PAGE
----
A new breed of young art patrons and influencers say the UAE needs more formal art institutions to sustain the industryFinn Toesland
A new breed of young art patrons and influencers say the UAE needs more formal art institutions to sustain the industry
Enticing notoriously flighty millennials to spend their time and money supporting galleries and museums has proved a difficult task for many established arts organisations, with developing the next generation of patrons becoming a key focus for many institutions. While many Western museums have long-standing young art patron groups, Middle Eastern arts organisations have been slow to embrace this approach, leading a new wave of engaged young patrons to emerge from the Middle East arts scene who are making sure the voices of younger people are heard.
Princess Alia Al-Senussi is one of the most influential young art patrons and plays a prominent role in the contemporary art world. The 33-year-old focuses on young patronage and arts in the Middle East. Washington DC-born Al-Senussi believes both art organisations and patrons stand to gain from the creation of young patron groups. “It really is a two way conversation,” says Al-Senussi. “Young patrons need to be active in communicating their thoughts. You need to be confident enough to speak up and say the things you think are important to you, as there are conversations that need to be had but sometimes younger people can be too timid to have them. Arts institutions created these groups to listen to the needs of younger generations, so they do want to engage in a dialogue.”
As a long-time supporter of the arts in UAE, and a patron of Art Dubai, Al-Senussi has helped improve Dubai’s presence in the art world, with her role as a founding member of the Tate’s Acquisitions Committee for the Middle East and North Africa and a member of the Middle East Circle of the Guggenheim, allowing her to shed light on aspects of art in the region that are often overlooked. Al-Senussi’s Libyan father and American mother first piqued her interest in the art world. “Working in the arts is something I do professionally and personally, although I don’t have an art history background. But, of course, art was something my parents always valued and has been a part of my life since I was a child.”
Young art enthusiasts in the region can get involved with countless unique experiences through their relationship with arts organisations, from VIP exhibition previews to complimentary tickets to exclusive performances, talks and other events. “There are regular visits to galleries, collections and museums. Obviously people can visit museums whenever they want, but can they go on a curator-led tour?” asks Al-Senussi. “No, they can’t, you have to be a patron to experience this. Can you go to a beautiful private collector’s home for a tour? No, but you can as a patron. These visits are not so you can be a voyeur and see a collector’s lovely home, but rather to experience these art works in the company of collectors who are very passionate about the arts and have a lot of knowledge to share.”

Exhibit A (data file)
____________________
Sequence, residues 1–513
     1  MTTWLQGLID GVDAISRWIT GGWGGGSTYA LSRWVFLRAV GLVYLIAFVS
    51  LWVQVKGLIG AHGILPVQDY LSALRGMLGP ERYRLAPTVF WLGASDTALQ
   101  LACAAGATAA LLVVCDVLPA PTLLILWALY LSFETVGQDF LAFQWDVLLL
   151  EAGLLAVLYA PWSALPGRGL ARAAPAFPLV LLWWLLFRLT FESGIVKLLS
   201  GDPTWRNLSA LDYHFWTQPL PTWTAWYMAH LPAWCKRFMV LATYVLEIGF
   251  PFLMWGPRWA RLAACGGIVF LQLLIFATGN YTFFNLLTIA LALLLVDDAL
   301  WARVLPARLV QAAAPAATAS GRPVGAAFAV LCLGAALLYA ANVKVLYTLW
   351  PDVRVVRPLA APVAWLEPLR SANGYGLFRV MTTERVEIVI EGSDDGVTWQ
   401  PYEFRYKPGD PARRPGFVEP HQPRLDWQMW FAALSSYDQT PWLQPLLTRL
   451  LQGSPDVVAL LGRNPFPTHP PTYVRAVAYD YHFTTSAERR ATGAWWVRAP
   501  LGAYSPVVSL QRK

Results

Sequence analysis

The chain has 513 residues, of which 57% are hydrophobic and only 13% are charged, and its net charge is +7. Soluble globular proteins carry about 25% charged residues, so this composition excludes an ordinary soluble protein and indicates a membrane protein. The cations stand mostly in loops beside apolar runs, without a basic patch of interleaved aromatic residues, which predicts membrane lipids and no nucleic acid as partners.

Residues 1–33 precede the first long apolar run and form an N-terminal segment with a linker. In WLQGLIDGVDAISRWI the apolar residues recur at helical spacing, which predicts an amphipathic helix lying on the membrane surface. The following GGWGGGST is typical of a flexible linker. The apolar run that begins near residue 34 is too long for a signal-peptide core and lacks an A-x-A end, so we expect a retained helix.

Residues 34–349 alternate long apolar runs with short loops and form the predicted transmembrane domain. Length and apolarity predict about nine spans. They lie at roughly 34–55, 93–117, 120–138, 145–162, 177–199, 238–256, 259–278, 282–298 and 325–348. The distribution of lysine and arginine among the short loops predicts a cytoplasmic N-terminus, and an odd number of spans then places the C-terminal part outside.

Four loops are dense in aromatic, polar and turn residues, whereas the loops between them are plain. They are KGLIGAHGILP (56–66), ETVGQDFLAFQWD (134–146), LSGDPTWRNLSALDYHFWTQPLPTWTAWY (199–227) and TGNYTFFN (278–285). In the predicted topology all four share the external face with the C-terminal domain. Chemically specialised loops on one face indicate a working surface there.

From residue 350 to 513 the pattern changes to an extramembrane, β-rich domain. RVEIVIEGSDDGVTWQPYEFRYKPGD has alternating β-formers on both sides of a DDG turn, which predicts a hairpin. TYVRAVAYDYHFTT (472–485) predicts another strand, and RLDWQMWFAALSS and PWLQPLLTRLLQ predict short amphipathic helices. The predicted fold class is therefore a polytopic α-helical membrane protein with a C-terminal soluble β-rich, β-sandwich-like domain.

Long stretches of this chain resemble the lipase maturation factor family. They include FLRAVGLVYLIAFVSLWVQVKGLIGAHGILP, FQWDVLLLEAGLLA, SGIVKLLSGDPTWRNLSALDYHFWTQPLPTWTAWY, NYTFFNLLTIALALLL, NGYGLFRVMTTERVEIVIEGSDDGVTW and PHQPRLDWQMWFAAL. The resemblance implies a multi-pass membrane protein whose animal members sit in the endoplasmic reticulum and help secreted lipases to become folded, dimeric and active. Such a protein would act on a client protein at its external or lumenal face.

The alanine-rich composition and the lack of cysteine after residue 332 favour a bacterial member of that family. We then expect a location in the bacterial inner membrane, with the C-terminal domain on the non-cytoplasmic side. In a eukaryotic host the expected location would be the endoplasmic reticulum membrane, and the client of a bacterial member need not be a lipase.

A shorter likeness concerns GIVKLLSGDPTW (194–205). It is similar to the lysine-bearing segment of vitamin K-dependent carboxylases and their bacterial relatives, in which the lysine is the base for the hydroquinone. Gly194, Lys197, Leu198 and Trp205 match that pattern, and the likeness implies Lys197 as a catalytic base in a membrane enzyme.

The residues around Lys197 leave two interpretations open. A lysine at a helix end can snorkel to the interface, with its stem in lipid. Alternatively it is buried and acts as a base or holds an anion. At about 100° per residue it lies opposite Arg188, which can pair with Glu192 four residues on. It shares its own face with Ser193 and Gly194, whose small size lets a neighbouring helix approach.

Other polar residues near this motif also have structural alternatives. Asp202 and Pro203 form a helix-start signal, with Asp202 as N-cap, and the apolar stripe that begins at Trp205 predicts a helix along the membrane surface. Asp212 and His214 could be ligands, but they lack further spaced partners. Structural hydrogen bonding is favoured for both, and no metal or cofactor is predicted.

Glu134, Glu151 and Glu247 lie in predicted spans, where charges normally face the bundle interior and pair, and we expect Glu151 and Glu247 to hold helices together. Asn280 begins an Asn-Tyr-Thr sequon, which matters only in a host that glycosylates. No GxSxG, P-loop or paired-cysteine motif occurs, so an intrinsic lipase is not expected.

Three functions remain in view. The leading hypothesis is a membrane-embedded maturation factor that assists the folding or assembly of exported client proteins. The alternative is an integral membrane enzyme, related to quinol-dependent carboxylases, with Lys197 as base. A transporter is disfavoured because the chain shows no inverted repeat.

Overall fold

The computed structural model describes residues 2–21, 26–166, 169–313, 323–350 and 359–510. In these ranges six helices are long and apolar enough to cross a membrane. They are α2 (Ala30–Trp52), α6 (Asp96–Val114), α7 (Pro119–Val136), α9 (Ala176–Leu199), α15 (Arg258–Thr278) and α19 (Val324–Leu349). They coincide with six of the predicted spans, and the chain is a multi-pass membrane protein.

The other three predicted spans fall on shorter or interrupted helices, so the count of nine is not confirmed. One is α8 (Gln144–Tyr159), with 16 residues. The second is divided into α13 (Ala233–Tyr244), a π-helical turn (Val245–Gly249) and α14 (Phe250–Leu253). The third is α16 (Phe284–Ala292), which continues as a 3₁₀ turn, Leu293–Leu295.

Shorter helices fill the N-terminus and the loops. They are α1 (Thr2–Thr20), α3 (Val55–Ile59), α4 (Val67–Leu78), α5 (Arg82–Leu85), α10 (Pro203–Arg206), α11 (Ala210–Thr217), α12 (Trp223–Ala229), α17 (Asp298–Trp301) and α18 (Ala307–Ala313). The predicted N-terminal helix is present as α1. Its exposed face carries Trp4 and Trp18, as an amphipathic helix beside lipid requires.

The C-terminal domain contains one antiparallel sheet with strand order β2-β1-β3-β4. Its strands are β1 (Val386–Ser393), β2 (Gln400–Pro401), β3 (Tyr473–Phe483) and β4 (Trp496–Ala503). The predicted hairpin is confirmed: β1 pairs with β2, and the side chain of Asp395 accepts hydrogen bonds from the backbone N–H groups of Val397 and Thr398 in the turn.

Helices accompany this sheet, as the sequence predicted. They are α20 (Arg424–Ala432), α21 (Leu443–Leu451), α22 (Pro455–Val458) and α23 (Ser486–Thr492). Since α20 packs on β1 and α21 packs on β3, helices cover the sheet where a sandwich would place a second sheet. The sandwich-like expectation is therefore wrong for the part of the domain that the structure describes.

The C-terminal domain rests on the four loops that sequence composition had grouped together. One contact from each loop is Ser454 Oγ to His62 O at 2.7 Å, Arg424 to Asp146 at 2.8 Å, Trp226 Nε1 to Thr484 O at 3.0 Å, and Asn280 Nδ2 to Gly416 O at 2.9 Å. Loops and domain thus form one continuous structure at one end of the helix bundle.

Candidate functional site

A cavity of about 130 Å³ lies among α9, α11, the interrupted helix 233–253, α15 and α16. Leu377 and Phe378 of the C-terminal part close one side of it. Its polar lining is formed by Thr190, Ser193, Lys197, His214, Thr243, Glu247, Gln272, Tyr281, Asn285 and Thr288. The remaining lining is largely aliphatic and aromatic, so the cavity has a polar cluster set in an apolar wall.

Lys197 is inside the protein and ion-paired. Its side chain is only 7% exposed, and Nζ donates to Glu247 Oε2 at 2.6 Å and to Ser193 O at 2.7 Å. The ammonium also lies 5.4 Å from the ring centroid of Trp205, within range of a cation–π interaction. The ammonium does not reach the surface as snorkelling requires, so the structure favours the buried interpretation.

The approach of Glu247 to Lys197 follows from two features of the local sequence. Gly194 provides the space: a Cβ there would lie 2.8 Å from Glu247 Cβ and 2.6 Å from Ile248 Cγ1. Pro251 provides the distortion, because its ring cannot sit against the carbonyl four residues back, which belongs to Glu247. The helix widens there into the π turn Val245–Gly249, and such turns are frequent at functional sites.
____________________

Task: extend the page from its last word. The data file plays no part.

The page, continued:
These initiatives not only inspire young professionals to become fans of the arts, but also, perhaps more importantly for these institutions, become a rich breeding ground for future donors and board members. As major donations to arts organisations have long come from elderly donors, new fundraising avenues are beginning to be investigated. Well-connected young philanthropists may soon pave the way for a sustainable financial future at historic institutions, with this new set of art patrons coming from all walks of life. From young art professionals and collectors to gallerists and bankers, each wants to create their own art networks and meet new, like-minded people.
Most of these art patrons, like Muna Al Gurg, balance highly successful careers with an appreciation for the arts. Al Gurg, who is the director of retail for the Easa Saleh Al Gurg Group and an active supporter of the arts in Dubai, believes that as well as the more traditional institutions it’s important for young people to explore alternative art venues, in particular, the burgeoning street art scene in Dubai. While she feels the cultural landscape of the UAE has been transformed over the past decade, she cites the lack of educational establishments with a focus on the arts as a major barrier to the growth of the UAE art sector. “There is a lack of educational institutions within the UAE, and elsewhere in the region, that can encourage young people to get into the scene. Arts institutions do have a responsibly in this area, as currently there are not many options and those interested in making a career in the arts usually have to study abroad to progress in the industry. If this issue were to be resolved we would see a lot more artists emerging from the region,” says Al Gurg.
35-year-old Palestinian-American patron Dana Farouki agrees. The contemporary art collector and chairperson of the Abraaj Group Art Prize, considers supporting arts organisations that preserve culture and provide opportunities to living artists “tremendously important”. “I will forever feel a sense of pride in visiting an institution that I have supported; you can feel the significance of your engagement by watching audiences enjoy a space or savour an artist’s project. It is important that we all recognise how the artists can impact society; they make statements that spark progress and shape society. Real engagement with art organisations can be extremely meaningful and fulfilling. The possibilities and power of art are limitless,” concludes Farouki.